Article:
Will Thunder’s Slow Starts Doom Title Hopes?
A disturbing pattern has emerged for the Oklahoma City Thunder in the NBA Finals, and if it isn’t corrected soon, this team may be in trouble. In both games, the Thunder has started off playing painfully inept basketball – missing open shots and showing a lack of defensive intensity.
With 4:39 minutes left in the first quarter of Game 2, the Miami HEAT was already up 18-2 against the Thunder on OKC’s home floor. The Thunder missed 11 shots of 12 attempted and committed four turnovers.
“Oh, man, that was the game,” said Kevin Durant. “We can’t start off down 18 to 2. Thinking about it, though, I think we got some good looks. We missed a few chippies, lay-ins, but we can’t get down that much, especially at home. We’ve got to correct it. We’ve got to just stay positive. That’s the whole deal. We’ve got to come ready Game 3.”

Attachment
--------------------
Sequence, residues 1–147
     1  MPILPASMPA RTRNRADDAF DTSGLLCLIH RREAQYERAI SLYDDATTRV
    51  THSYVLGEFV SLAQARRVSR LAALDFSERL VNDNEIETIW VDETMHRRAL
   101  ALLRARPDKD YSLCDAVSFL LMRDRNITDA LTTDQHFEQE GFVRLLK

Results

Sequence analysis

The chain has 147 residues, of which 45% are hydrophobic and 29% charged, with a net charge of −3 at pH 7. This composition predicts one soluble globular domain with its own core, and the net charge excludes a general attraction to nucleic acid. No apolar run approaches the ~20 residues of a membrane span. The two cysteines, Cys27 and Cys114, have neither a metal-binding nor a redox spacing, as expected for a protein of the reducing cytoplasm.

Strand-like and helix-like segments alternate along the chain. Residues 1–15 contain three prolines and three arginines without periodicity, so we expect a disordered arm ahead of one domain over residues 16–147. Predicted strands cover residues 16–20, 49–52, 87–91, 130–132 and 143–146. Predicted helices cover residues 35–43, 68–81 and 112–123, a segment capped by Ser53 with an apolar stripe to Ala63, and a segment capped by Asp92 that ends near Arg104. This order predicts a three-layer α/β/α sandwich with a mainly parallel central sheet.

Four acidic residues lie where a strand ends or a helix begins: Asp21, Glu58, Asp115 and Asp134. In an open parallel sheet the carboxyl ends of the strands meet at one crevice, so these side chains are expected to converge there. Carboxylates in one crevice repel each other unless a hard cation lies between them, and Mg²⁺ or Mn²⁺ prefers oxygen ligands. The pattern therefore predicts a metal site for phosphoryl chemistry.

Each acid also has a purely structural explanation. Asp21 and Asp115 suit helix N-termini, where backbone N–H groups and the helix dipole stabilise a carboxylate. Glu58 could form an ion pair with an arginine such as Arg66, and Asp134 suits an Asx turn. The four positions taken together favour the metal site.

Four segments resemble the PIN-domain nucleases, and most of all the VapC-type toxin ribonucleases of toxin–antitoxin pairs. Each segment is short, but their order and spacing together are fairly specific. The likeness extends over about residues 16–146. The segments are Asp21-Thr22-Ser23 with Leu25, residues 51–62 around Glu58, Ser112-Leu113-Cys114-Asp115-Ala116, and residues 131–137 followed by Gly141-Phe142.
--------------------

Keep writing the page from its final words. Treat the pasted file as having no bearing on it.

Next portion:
When the halftime buzzer sounded, the Thunder had cut the deficit to 12; the score was 55-43. Durant had just six points through two quarters; similar to Game 1, things improved in the second half. The league’s three-time scoring leader ended the game with 32 points at 12-of-22 field goal shooting. He missed six of his ten attempted three-pointers and contributed just one assist and three rebounds.
“Well, definitely we want Kevin to have more than three rebounds and one assist,” Thunder coach Scott Brooks said following the game. “We have to do better.”
Despite the Thunder outscoring Miami in the third and fourth quarters, including a very late-game rally, the HEAT evened the series with a win, 100-96. Miami had a 17-point lead on two occasions.
“I liked the way we came back and fought and made it a one possession game at the end,” said Brooks. “But when you get down 17, too many things have to happen well for you and perfect for you. But I give our guys credit that we did fight, come back, but that’s two games in a row, first six minutes down 10 or 12 points. We’ve got to come out better.”
Brooks talked with great frequency about being down 17 points and how it adversely affected his team’s chance of winning the ballgame.
“We came up short, but it wasn’t short because of the effort, it was just short because we got down 17. It’s tough to come back. They’re the best team in the East, we’re the best team in the West; it’s just tough to come back from 17.”